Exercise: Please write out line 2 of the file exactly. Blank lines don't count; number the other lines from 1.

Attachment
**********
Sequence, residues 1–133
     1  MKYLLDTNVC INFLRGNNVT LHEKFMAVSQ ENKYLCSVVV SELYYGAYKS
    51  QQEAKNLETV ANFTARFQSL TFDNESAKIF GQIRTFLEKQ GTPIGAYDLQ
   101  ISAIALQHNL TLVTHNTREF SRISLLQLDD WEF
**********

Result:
     1  MKYLLDTNVC INFLRGNNVT LHEKFMAVSQ ENKYLCSVVV SELYYGAYKS